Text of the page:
Legal action stopped
Marlborough Lines has abandoned further legal action against a Bay of Plenty community power trust.
However, it still refuses to say how much legal action against the Eastern Bay Energy Trust has cost it, saying it is commercially sensitivity.
Marlborough Lines, which owns 13 per cent of Whakatane-based lines company Horizon, funded Bay of Plenty iwi Ngati Rangitihi to take legal action against lthe energy trust, which owns 77 per cent of Horizon. The court action was about the legality of the trust increasing its ownership of Horizon from 25 per cent to 77 per cent.
Both the High Court and the Appeal Court ruled that the energy trust could keep its 77 per cent shareholding in Horizon.
Taking the case further to the Supreme Court was a possibility, but the beneficiaries of the iwi had forced their tribal leadership to not take the case further, and Marlborough Lines chairman David Dew said there would be no further legal action.
Mr Dew, a Blenheim lawyer and former Marlborough District Councillor, said the company had sought advice on what to do next and based on that advice, had decided not to take the case further.
"The nature of what you can appeal to the Supreme Court, it is actually quite limited."
He declined to say how much court action had cost to date, saying it was a private matter.
"We don't have to discuss any of the details and probably won't."
Some things were to happen yet, and he did not want to disclose the company's hand by saying how much legal action had cost.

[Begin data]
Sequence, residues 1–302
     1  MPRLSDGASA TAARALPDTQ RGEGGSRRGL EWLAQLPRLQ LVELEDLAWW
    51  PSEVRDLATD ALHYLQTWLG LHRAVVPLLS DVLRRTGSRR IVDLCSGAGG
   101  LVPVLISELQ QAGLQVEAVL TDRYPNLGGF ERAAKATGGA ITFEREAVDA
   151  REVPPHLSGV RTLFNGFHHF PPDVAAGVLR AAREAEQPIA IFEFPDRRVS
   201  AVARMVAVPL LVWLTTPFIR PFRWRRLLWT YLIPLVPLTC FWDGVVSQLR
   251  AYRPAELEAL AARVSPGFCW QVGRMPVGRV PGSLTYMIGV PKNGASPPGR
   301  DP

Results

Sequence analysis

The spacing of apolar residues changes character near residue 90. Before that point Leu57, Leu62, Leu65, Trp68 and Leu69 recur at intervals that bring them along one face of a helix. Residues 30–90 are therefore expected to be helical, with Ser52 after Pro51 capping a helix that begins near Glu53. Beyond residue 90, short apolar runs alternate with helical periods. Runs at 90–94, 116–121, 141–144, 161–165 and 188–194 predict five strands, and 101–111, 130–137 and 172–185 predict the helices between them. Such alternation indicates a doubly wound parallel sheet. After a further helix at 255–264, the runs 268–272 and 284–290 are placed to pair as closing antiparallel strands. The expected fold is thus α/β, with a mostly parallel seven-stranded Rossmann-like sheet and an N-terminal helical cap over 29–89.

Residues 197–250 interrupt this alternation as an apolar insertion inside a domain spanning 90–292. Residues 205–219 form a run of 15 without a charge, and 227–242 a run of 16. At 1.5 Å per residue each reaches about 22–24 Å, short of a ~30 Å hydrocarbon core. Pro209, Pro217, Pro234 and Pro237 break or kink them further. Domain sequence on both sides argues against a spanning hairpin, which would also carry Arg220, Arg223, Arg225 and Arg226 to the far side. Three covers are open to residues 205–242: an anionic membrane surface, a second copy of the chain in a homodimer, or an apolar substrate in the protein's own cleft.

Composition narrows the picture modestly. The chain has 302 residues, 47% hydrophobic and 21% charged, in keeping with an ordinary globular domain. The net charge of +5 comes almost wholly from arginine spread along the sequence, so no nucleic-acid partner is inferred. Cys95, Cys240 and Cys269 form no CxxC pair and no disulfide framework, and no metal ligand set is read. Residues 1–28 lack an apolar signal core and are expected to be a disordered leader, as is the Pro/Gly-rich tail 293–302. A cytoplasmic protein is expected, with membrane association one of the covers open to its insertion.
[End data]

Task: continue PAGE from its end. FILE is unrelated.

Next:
Asked to clarify how future options could relate to the cost of legal action, Mr Dew said it was possible Marlborough Lines might sell its shareholding in Horizon and revealing the cost of legal action might give potential buyers an advantage.
"There is a range of possibilities here. One is that the trust there may want to purchase our shares at a realistic prices. How we determine that price, we don't want to discuss.
"We see the price the company is prepared to accept for the share and the cost of legal action as being related - the price would cover what we'd paid for them, what they've cost so far, and a profit. I don't want to give anyone a breakdown of how we might calculate something."
People had shown an interest in buying the Horizon shareholding, he said.
"It might be other parties that buy them, not the people in Whakatane."
One of the beneficiaries of the Whakatane-based iwi trust that stopped Ngati Rangitihi taking further legal action, Donna Semmens, said iwi members were "absolutely pleased" there would be no more legal action.
The Marlborough Express